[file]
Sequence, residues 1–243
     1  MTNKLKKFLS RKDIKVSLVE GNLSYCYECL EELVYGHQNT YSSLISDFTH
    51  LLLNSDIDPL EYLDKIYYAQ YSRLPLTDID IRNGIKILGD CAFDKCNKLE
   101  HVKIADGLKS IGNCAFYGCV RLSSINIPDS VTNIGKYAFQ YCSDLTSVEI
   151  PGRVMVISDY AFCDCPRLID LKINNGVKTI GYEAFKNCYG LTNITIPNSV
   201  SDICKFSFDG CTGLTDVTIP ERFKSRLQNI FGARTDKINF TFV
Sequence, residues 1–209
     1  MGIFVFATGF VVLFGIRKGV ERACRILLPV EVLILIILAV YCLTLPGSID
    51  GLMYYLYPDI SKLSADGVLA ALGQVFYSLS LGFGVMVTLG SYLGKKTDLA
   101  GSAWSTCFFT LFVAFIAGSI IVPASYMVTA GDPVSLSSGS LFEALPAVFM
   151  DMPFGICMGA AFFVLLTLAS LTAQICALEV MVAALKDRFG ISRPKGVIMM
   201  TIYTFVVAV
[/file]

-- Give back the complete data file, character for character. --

Sequence, residues 1–243
     1  MTNKLKKFLS RKDIKVSLVE GNLSYCYECL EELVYGHQNT YSSLISDFTH
    51  LLLNSDIDPL EYLDKIYYAQ YSRLPLTDID IRNGIKILGD CAFDKCNKLE
   101  HVKIADGLKS IGNCAFYGCV RLSSINIPDS VTNIGKYAFQ YCSDLTSVEI
   151  PGRVMVISDY AFCDCPRLID LKINNGVKTI GYEAFKNCYG LTNITIPNSV
   201  SDICKFSFDG CTGLTDVTIP ERFKSRLQNI FGARTDKINF TFV
Sequence, residues 1–209
     1  MGIFVFATGF VVLFGIRKGV ERACRILLPV EVLILIILAV YCLTLPGSID
    51  GLMYYLYPDI SKLSADGVLA ALGQVFYSLS LGFGVMVTLG SYLGKKTDLA
   101  GSAWSTCFFT LFVAFIAGSI IVPASYMVTA GDPVSLSSGS LFEALPAVFM
   151  DMPFGICMGA AFFVLLTLAS LTAQICALEV MVAALKDRFG ISRPKGVIMM
   201  TIYTFVVAV